Poor supply chain management has so often has proved to be a weakness in municipalities and even state-owned enterprises. Tight and improved management can reduce irregular expenditure and procurement reforms, which can generate significant savings.
Improving the management of
revenue and also asset management will also have benefits.
According to the National Treasury of the funds available over the next three years after providing for debt service costs and the contingency reserve, 47.5% is allocated to national government, 43.4% to provincial government and 9.1% to local government.
“The funds available after providing for debt service costs and a contingency reserve increase by 6.9% to R1.24 trillion next year, and are projected to rise to R1.43 trillion in 2019/20,” said Gordhan while delivering his Budget.
He said: “The division of revenue involves a substantial redistribution of resources from the wealthiest areas in our country – where most of our taxes are raised – to lower-income communities and households. The allocations to predominantly rural municipalities are
twice as large, per household, than those
to metropolitan councils. This redistribution of resources is an enabling foundation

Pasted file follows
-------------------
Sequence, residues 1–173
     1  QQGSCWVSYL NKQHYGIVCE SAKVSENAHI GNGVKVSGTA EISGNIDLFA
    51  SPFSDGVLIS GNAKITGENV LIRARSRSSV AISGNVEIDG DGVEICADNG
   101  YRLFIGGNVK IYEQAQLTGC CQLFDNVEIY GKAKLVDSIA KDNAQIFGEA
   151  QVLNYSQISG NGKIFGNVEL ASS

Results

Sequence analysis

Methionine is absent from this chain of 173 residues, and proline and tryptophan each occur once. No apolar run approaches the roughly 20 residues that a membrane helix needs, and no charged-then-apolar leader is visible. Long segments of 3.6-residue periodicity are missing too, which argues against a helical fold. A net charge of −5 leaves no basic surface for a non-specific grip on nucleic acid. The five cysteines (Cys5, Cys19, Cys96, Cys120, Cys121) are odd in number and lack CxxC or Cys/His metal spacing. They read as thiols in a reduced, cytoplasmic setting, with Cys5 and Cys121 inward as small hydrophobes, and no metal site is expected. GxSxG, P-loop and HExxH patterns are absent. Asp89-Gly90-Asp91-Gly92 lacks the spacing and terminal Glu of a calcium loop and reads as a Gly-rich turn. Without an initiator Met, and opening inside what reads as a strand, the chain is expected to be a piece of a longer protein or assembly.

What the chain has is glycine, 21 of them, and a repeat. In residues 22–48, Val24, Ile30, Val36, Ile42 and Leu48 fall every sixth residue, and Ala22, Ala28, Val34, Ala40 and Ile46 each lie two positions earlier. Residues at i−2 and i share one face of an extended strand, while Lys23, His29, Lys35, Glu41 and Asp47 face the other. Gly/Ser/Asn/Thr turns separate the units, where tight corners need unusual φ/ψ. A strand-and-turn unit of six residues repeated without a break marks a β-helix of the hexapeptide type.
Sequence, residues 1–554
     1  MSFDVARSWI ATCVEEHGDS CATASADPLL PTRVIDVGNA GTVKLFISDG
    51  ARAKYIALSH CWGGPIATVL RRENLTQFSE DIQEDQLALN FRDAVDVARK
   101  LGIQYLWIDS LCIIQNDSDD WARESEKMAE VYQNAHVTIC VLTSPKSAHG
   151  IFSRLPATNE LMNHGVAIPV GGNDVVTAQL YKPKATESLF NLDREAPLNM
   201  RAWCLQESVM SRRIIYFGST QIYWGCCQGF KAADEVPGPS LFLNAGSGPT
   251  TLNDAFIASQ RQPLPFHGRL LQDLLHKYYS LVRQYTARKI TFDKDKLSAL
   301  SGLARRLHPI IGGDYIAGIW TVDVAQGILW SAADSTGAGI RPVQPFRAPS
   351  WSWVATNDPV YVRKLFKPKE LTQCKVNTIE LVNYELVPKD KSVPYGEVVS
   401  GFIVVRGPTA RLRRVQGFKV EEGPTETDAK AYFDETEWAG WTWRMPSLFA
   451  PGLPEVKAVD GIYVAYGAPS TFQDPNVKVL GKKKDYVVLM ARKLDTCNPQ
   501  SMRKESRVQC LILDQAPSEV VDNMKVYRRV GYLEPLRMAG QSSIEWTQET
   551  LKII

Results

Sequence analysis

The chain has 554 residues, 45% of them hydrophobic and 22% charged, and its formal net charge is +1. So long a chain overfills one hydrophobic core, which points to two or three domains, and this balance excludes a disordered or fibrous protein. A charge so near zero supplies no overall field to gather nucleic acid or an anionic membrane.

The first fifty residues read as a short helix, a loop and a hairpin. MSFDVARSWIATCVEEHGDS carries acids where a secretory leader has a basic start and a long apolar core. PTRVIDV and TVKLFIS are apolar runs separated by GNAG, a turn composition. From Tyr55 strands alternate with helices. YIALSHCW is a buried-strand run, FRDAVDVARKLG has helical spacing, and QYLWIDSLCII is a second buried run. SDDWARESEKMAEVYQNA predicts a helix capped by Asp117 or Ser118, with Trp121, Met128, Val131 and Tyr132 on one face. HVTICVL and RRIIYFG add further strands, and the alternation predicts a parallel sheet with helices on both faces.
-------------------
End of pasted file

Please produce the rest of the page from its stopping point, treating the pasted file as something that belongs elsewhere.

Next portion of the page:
for a broader transformation of services
and opportunities in our cities, towns and rural areas.”
What’s clear from the first steps taken by the National Treasury in July 2016, and the training of hundreds of municipal officials, is that skills have been sharpened. No more can lack of skills or unprofessionalism be blamed if things go wrong.
The noose is tightening and the scope for wastage and dishonesty is being closed down. Greater transparency in municipal accounts and the way in which they are handled will also discourage those who may be tempted to be dishonest and enrich themselves, family and friends. For those who fall into this category message is that the feeding frenzy is over.
But what about municipalities?
Because of the economic squeeze income derived from say, accounts and services, is likely to come under sever pressure, while the expectation of improved service delivery will also grow. It is a tightrope for most municipalities.
For municipalities Gordhan’s message contained in his 2017 Budget is clear:
“The Budget relies on institutions
of good governance and a public ethic that values honesty and fairness. If we act together, on these principles, as
public representatives, civil
servants, business people, youth, workers and citizens, we can overcome the challenges of tough economic times and difficult adjustments.”
Municipalities will have to deliver and continue to improve the quality and standard of the services they are Constitutionally instructed to render. Those who depend on their services may not have an infinite reservoir of patience.
They will hold municipalities accountable. The results of the Municipal Elections of August 2016 have shown how effectively the vote can be used against municipalities that have incurred the wrath of voters. Party loyalty will not be enough to keep voters: better and more reliable services are among the deliverables that voters want.